Because of his lack of rebounding acumen and relatively limited height (6'7"), Thompson doesn't fit the typical profile of a defensive ace, which is why many of his metrics don't appear as praiseworthy as you might expect. But this 28-year-old is more impactful than the numbers would indicate, particularly when his gravitational pull opens up easier opportunities for the rest of his teammates.
That's been the case throughout 2017-18, which has seen Thompson put up historic numbers from beyond the three-point arc.
The 2-guard is draining 44.0 percent of his triples while taking a whopping 7.1 per game, giving him yet another remarkable combination of volume and efficiency. Throughout NBA history, 65 different individual seasons have showcased a player hoisting at least seven treys during his average appearance, and only 14 have seen said player connecting at no worse than a 41 percent clip.
This is Thompson's fourth time in the group, and it's his most accurate yet.
19. Draymond Green, PF, Golden State Warriors
2017-18 Per-Game Stats: 11.0 points, 7.6 rebounds, 7.3 assists, 1.4 steals, 1.3 blocks
Draymond Green has flown beneath the radar for much of the year. He's not viewed as a front-runner for Defensive Player of the Year. He's scoring only 11.0 points per game and hasn't been able to rediscover any semblance of a three-point stroke (30.1 percent on 3.7 attempts per game). He hasn't been able to carry the Golden State Warriors to another season of at least 65 wins while his fellow stars miss time with various injuries.
And yet, Green is still putting together a similar season to the ones submitted in prior years.
He remains an elite defender, capable of switching onto any position for one possession at a time and lending his tough-nosed identity to the Dubs' overall schemes. He just hasn't quite been the same game-changing force. One season after finishing No. 2 to Rudy Gobert in ESPN.com's defensive real plus/minus, he now ranks No. 20. There's no shame in that finish, but it helps explain why he's no longer on the cusp of earning top-10 status.
Still, so much of what Green lends to the Warriors can't be quantified. His desire to get into a brawl on every possession, his willingness to challenge the coaching staff, his knack for getting to 50/50 balls and refusing to sleepwalk through the season can all be contagious—maybe not always for an injury-riddled team fighting off complacency, but at least sometimes.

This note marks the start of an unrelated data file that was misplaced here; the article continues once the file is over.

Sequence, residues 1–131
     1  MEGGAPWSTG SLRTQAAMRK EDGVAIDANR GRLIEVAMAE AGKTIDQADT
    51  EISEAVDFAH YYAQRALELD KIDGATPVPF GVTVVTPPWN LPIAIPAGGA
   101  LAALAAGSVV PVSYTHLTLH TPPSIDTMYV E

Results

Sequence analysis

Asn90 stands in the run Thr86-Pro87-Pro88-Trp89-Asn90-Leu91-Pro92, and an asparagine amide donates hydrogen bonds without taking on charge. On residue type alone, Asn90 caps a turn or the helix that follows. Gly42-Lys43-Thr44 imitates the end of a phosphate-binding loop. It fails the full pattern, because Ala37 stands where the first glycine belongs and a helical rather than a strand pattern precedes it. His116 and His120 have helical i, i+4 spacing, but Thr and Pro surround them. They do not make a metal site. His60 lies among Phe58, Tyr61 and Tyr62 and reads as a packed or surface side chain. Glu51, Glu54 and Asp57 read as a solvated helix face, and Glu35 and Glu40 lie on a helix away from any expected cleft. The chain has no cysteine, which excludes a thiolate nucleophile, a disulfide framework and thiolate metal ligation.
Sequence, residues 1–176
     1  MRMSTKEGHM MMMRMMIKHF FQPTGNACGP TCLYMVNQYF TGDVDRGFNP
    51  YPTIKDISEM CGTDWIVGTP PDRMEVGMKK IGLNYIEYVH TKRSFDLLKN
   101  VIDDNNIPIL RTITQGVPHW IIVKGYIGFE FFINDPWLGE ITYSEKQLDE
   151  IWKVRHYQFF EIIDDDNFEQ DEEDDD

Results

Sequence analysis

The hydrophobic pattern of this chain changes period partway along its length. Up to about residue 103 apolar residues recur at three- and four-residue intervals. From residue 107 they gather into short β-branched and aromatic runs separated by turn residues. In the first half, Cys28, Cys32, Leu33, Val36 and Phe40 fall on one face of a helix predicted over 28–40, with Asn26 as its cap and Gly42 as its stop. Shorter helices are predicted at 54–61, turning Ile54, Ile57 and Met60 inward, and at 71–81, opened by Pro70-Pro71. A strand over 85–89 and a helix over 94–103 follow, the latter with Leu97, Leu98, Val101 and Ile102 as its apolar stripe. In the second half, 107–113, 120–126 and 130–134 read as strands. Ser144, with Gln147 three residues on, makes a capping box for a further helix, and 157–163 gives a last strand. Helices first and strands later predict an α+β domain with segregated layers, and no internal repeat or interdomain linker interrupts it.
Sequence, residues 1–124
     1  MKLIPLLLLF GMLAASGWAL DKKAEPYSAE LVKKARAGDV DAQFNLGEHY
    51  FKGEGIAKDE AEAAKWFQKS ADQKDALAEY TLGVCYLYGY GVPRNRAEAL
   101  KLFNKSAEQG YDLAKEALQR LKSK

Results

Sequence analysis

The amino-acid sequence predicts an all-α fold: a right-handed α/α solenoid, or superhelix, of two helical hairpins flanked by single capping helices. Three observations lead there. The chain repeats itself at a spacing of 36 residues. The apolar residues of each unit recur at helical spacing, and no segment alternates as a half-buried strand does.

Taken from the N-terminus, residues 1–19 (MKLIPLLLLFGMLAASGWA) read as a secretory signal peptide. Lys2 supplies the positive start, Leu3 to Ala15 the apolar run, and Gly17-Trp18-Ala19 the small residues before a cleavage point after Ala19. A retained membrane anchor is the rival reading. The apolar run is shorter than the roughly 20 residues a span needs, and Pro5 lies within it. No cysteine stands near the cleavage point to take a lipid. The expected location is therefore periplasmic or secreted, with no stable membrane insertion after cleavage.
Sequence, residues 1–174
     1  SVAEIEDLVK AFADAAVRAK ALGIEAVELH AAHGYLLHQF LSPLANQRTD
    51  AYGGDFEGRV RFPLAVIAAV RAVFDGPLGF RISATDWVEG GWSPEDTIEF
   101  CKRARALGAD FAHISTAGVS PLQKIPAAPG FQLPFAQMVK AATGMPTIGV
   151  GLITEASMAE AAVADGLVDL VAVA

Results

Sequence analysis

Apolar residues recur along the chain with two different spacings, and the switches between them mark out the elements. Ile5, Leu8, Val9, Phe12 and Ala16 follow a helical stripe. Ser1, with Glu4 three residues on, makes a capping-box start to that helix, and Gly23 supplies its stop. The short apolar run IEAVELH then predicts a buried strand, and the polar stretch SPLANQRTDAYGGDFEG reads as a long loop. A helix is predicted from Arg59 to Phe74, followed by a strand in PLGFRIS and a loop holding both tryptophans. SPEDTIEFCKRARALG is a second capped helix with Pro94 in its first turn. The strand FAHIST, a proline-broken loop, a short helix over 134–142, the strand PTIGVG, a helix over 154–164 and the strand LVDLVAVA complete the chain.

So whatever you do, don't judge this legitimate All-Star by his points-per-game average.
18. DeMar DeRozan, SG/SF, Toronto Raptors
2017-18 Per-Game Stats: 23.0 points, 3.9 rebounds, 5.2 assists, 1.1 steals, 0.3 blocks
DeMar DeRozan hasn't "changed" his game. Claiming as much would be doing a disservice to the incredible resume he's submitted for the Toronto Raptors throughout a career filled with improvements.
He's still taking 24.4 percent of his field-goal attempts from between 10 and 16 feet, and he's connecting on those looks at a 44.0 percent clip. On even longer twos, which comprise 18.6 percent of his attempts, he's tickling twine on 40.9 percent of his tries. The frequencies have changed from last year's respective marks of 23.6 and 31.0 percent, but DeRozan is still feasting on those mid-range buckets for which he's become so famous.
Again, his game hasn't "changed" so much as it has evolved.
He's added to his offensive profile by sacrificing isolation assaults for spot-up triples and more passes to his supporting cast, even averaging a career-best 5.2 assists per contest. He's taking more threes than ever and hitting just enough (31.2 percent) to force defenders into respecting that new part of his game.
Best of all, buying into the egalitarian feel of the Toronto offense has allowed him to dedicate more of his energy reserves to the defensive end, where he's no longer serving as quite so much of a liability.
DeRozan has always been a dangerous scorer, a player whose contributions serve as a firm rebuttal to the three-point trends of the modern NBA. But he's now more complete than ever before.
17. Ben Simmons, PG, Philadelphia 76ers
2017-18 Per-Game Stats: 15.8 points, 8.1 rebounds, 8.2 assists, 1.7 steals, 0.9 blocks
Ben Simmons has arrived as a bona fide star, now proficient at carrying the Philadelphia 76ers to success even when Joel Embiid isn't on the floor. His combination of defensive ability (not many men are capable of switching on every screen and impacting so many different passing lanes on a single possession) and table-setting habits spark his squad on both ends.
Early on in his rookie season, Simmons was a codependent force. He hadn't yet determined how to leverage his otherworldly talents in the most effective manner and instead needed to rely on the extra attention Embiid drew when trying to make his incessant bursts toward the basket. But that's changed as his inaugural campaign has progressed.